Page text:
USDA diet advice through the years

Illustrating Diet Advice is Hard. Here’s how the USDA Has Tried To Do It.

Maria Godoy for NPR’s The Salt, on the 1992 Food Pyramid:

Carbs were the base of this pyramid, sending the message to eat all you want. And Americans did, gobbling up refined grains and processed snacks like SnackWell cookies — that staple of the low-fat craze — in their quest to avoid the dreaded dietary fat.

We know now that “carbohydrates worsen glucose and insulin — they have negative effects on blood cholesterol levels,” as Dariush Mozaffarian, dean of the Friedman School of Nutrition Science and Policy at Tufts University, told us back in 2014. In other words, he told us, replacing saturated fats with refined carbs “has not been useful advice.”

Note that the recommendation of milk and dairy (and separately, butter!) is included in the USDA’s 1943 “The Basic 7” food guide, and in every food guide since. With allergies to milk and dairy, what’s the best way to replace those recommended nutrients? Is fortified soy milk (or other ‘milks’) adequate?

A new food paradigm

Just over two years ago our son was born, and with all of the uncertainty of parenthood came an additional challenge – food allergies. At the introduction of solid foods to his diet at 6 months, things started off very well; however, after two trips to the ER, we went to see a child allergist to get more definitive tests to determine the possible allergies our son had. The result? Allergies to several of the top-8 allergens. Our ongoing food introductions to his diet have determined sensitivities to spinach and avocado, among others.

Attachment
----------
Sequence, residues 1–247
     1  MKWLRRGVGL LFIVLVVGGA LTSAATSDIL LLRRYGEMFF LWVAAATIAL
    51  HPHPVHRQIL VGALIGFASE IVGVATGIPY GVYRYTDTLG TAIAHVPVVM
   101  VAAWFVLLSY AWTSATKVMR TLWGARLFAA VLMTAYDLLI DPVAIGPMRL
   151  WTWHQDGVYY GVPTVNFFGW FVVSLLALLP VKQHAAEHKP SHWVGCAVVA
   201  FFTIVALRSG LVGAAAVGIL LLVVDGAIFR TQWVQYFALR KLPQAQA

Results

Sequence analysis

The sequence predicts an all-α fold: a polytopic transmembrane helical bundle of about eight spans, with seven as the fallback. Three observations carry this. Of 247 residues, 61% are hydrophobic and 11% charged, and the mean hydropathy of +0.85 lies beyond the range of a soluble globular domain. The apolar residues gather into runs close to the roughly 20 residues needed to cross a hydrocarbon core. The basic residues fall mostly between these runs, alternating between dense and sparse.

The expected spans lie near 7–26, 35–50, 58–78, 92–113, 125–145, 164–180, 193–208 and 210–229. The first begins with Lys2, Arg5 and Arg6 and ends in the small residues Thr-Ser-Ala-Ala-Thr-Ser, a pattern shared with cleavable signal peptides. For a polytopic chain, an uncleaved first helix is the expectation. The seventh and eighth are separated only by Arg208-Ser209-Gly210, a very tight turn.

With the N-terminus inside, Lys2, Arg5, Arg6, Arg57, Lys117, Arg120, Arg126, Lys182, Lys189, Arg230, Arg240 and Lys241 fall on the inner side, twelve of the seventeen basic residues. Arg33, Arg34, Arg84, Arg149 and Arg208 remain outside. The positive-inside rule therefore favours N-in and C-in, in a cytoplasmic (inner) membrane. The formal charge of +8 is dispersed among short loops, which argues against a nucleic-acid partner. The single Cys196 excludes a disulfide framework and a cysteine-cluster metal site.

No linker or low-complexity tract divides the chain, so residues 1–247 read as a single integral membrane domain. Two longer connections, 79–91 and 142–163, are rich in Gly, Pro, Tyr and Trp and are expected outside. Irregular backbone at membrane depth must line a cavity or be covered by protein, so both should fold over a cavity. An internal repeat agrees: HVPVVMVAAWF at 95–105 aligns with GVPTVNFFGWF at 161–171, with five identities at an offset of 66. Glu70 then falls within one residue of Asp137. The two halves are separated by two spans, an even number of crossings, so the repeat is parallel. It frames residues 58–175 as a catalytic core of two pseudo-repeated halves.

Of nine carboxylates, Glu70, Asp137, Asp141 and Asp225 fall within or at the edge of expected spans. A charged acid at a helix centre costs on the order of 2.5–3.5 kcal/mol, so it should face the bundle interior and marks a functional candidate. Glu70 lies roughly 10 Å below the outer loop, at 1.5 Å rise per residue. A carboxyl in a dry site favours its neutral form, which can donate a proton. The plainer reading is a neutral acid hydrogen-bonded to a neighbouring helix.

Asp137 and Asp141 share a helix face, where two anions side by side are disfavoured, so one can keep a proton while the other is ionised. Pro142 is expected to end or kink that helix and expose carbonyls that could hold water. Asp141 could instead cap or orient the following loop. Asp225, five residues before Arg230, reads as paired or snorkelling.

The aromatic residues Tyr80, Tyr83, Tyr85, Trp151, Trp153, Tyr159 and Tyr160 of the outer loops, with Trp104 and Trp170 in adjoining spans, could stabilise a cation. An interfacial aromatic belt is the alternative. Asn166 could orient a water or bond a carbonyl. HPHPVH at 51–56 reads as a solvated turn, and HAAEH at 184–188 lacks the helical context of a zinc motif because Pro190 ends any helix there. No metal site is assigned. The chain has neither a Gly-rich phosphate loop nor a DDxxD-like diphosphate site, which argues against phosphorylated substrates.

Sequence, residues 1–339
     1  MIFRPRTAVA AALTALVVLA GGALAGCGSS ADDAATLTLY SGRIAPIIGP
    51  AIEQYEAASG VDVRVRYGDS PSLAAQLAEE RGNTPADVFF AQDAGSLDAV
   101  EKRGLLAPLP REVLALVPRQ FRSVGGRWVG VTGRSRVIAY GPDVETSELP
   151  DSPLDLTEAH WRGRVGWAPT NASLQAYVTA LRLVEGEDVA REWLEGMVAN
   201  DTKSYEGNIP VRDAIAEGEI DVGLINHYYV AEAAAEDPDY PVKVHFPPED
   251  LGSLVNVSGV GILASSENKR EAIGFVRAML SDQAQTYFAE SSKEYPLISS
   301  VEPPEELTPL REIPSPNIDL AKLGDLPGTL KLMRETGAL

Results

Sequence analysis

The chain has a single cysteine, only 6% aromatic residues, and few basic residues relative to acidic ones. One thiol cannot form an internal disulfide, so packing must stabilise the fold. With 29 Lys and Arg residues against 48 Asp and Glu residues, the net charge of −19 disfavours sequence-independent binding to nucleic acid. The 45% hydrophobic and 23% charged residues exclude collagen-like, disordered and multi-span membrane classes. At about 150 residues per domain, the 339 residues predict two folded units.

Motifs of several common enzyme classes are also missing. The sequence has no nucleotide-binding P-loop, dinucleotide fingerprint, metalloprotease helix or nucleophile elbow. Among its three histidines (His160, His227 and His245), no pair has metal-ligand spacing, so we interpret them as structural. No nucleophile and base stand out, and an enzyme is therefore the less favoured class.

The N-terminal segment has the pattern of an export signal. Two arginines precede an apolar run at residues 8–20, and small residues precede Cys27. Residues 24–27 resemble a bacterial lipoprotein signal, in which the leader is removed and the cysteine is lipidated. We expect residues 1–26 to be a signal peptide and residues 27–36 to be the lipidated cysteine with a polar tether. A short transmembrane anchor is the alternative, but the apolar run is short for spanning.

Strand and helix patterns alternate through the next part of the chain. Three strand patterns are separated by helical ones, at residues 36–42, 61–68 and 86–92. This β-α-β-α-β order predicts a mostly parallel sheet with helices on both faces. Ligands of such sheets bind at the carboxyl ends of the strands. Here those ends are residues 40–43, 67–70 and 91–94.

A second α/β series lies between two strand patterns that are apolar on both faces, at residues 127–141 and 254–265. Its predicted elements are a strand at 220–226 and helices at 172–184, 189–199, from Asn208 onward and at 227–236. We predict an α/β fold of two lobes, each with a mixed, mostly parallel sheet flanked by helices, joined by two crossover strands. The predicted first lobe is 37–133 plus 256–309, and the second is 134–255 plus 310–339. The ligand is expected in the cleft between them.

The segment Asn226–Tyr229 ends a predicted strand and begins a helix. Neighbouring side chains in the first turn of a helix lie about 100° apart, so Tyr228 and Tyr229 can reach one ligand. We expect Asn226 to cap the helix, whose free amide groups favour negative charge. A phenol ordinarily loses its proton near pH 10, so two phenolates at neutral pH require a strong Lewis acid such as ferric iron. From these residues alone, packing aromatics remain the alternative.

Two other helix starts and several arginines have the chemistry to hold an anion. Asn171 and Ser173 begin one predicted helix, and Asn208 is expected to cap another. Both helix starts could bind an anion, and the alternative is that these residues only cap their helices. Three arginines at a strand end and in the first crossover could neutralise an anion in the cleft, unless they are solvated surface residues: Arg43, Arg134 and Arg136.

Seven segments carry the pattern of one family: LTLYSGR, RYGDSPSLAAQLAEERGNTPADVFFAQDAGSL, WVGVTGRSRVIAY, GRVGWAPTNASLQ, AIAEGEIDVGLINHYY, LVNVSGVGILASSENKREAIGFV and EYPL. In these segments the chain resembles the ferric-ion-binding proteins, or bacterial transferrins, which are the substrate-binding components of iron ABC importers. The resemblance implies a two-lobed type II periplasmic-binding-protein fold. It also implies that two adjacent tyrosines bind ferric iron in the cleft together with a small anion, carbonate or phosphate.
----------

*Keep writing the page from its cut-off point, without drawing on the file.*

As food-conscious parents, we dove into the allergy issues head-first, reading up on as much information as we could find. The lack of good information and recipes available that were specific to our list of food allergens made things challenging. In addition, many of the common prepared foods included either at least one of the allergens we couldn’t have, or had the words, “may contain…”. As a result, much of the food we eat at home is prepared from base ingredients, and little of what we eat is packaged/prepared foods from the grocery store. Over time, we’ve also had to cull our pantry of all foods with allergens and of any foods that may have been contaminated with allergens (such as spices, etc).

Our philosophy on meals is to be as inclusive as possible – we eat what our son eats. We do the same for our guests if they have any food restrictions. Our journey into finding suitable recipes, developing meal plans, and dealing with allergies has been a difficult one and we’d like to share what we’ve found. Our food interests also encompass sustainability, accessibility, nutrition and cooking, and we plan to share what we find in those realms as well.